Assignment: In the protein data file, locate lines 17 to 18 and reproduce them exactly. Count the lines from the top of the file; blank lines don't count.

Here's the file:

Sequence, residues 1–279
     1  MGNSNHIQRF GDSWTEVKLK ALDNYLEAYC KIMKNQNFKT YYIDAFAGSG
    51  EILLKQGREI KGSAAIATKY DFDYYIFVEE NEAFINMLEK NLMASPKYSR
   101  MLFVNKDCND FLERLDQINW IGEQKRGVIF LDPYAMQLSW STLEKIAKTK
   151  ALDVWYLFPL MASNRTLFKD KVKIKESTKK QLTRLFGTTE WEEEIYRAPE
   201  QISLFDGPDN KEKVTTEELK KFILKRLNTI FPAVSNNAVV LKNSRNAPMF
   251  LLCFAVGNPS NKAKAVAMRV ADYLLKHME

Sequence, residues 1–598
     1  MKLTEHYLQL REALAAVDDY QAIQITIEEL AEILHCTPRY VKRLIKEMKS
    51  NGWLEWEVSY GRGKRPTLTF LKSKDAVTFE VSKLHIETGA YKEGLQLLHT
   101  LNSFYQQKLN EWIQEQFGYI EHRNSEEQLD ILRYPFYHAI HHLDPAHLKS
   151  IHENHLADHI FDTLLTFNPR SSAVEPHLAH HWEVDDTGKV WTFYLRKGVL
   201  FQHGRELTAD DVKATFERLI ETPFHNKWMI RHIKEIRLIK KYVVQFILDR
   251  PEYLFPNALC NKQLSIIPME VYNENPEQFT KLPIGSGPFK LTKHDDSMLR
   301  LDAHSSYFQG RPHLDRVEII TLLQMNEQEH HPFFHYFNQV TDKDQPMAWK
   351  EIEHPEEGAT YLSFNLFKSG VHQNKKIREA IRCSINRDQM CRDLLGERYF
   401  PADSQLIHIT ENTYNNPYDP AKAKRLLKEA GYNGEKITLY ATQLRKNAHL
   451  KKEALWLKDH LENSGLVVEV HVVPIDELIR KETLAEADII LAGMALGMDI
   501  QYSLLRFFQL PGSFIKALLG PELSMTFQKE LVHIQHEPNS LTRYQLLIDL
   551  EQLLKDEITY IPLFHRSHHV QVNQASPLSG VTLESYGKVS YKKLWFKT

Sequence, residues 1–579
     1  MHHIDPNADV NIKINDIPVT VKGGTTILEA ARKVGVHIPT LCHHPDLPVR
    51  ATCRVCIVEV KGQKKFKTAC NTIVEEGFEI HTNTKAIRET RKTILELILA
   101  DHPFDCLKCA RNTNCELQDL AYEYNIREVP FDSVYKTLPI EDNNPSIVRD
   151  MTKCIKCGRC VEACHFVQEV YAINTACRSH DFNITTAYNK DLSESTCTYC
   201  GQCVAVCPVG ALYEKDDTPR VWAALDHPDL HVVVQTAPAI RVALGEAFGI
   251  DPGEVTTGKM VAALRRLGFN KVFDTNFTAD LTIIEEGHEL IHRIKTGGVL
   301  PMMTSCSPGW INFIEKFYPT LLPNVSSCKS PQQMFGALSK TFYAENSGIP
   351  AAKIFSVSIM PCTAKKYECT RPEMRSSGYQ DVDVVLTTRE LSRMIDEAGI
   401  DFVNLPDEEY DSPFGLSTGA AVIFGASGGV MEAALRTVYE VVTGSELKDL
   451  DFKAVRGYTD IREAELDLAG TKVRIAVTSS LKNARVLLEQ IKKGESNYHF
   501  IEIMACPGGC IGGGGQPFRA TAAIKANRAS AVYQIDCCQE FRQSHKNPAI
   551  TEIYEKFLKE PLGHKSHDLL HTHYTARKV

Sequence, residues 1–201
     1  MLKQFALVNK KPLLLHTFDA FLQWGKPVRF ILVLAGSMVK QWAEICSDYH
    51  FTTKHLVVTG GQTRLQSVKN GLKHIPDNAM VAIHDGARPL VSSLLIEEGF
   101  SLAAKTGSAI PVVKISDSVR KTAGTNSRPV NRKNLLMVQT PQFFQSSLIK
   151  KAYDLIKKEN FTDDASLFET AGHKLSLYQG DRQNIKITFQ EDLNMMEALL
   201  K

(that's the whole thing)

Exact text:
   401  PADSQLIHIT ENTYNNPYDP AKAKRLLKEA GYNGEKITLY ATQLRKNAHL
   451  KKEALWLKDH LENSGLVVEV HVVPIDELIR KETLAEADII LAGMALGMDI